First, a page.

Kyrie Irving Let More Birds Fly In Boston Than We First Thought

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It’s safe to say Kyrie Irving took flight in his return to Boston. Not only did the Brooklyn Nets star score 39 points in a close Game 1 loss, he flipped the bird to Celtics fans on at least one occasion.

On another occasion, he flipped them two.

Kyrie Irving
Brooklyn Nets point guard Kyrie Irving looks to drive vs. the Boston Celtics. (Photo by Maddie Meyer/Getty Images)

But hey, there’s only so much grief a man can take, Irving explained to reporters.

“Look, where I’m from, I’m used to all these antics and people being close nearby,” Irving said, via Hoops Wire. “It’s nothing new when I come into this building what it’s going to be like — but it’s the same energy they have for me, I’m going to have the same energy for them.

“And it’s not every fan, I don’t want to attack every fan, every Boston fan. When people start yelling ‘p—y’ or ‘b—-‘ and ‘f— you’ and all this stuff, there’s only but so much you take as a competitor. We’re the ones expected to be docile and be humble, take a humble approach. F— that, it’s the playoffs. This is what it is.”

His high-flying responses and performance weren’t enough though, as Celtics star Jayson Tatum got a bucket as time ran out to give the Celtics a 116-115 victory and 1-0 series advantage.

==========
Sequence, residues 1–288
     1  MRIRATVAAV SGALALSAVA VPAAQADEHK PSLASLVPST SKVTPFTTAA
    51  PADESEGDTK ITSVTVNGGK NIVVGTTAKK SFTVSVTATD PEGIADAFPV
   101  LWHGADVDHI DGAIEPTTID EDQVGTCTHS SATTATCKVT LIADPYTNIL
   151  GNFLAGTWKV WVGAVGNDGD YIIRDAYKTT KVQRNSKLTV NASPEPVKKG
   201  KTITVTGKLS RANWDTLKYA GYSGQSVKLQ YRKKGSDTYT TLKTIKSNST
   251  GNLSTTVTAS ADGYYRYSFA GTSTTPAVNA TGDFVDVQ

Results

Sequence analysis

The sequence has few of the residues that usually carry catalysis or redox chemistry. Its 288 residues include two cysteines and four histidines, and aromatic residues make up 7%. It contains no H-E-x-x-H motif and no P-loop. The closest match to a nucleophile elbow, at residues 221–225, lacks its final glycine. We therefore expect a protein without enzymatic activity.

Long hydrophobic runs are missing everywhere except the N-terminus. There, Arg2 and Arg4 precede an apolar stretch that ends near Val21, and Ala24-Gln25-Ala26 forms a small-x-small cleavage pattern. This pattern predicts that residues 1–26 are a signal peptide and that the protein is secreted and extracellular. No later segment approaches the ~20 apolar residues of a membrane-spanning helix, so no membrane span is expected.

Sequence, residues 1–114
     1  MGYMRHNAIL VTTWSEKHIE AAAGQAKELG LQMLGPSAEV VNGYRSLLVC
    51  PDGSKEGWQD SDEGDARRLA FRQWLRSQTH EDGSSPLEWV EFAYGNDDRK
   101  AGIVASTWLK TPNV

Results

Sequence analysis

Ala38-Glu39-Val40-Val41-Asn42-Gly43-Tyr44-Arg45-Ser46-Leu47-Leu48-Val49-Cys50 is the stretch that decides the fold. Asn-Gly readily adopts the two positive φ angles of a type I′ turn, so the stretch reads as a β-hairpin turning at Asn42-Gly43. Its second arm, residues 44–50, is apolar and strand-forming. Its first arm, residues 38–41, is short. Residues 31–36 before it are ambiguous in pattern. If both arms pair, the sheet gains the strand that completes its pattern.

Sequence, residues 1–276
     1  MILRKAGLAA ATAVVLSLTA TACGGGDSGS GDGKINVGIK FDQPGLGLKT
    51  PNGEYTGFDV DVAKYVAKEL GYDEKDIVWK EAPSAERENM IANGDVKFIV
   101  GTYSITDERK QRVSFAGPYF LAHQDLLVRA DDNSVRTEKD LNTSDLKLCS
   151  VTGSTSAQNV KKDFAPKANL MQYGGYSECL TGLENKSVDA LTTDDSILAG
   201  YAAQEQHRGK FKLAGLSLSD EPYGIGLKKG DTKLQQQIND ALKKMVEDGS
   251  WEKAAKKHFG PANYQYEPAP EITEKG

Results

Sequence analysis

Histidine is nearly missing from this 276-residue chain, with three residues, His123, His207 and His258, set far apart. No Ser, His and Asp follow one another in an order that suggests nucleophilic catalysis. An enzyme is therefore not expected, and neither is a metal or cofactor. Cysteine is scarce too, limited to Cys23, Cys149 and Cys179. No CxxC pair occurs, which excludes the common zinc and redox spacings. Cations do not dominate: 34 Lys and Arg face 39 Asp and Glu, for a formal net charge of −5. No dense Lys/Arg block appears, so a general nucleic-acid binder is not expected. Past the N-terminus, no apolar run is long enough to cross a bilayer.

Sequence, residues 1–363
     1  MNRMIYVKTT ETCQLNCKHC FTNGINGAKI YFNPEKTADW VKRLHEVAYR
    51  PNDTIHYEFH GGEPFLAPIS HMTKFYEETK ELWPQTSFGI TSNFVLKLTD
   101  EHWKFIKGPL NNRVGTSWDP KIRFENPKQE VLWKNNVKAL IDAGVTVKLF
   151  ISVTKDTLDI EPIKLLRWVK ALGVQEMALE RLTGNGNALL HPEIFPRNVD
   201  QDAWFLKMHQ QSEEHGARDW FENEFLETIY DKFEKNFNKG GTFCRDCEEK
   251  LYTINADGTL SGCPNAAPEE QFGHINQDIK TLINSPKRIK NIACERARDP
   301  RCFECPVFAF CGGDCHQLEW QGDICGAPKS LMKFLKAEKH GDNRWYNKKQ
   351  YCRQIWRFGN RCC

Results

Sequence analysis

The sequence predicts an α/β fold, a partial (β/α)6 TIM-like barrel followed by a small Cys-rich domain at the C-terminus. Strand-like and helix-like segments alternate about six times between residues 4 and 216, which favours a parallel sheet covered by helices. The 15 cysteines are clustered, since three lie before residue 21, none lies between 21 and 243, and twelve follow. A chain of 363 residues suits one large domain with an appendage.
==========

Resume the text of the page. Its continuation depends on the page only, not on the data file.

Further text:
Irving, of course, used to play for the Celtics, even though it was a hardly a memorable run. He bolted to Brooklyn in free agency a couple of years ago. Celtics fans remember him just enough to boo him, it seems.

During the regular season, Irving created a stir across the league when he announced he had no plans to get vaccinated and was forced to miss home games, thanks to New York City mandates, which have since been lifted. Because he had the courage to stand by his convictions rather than give into demands, many around the country supported him this season as well.

So while some people are jeering Irving, others are steadfast in their applause.

Either way, he stands a good chance to receive some hefty fines for his antics in Boston on Sunday.

“Past precedent also says the NBA can choose to fine him up to $50,000 per incident,” RealGM noted. “There were seemingly between one and four occasions where Irving had a finable offense.”

Written by Sam Amico

Sam Amico spent 15 years covering the NBA for Sports Illustrated, FOX Sports and, along with a few other spots, and currently runs his own basketball website on the side,

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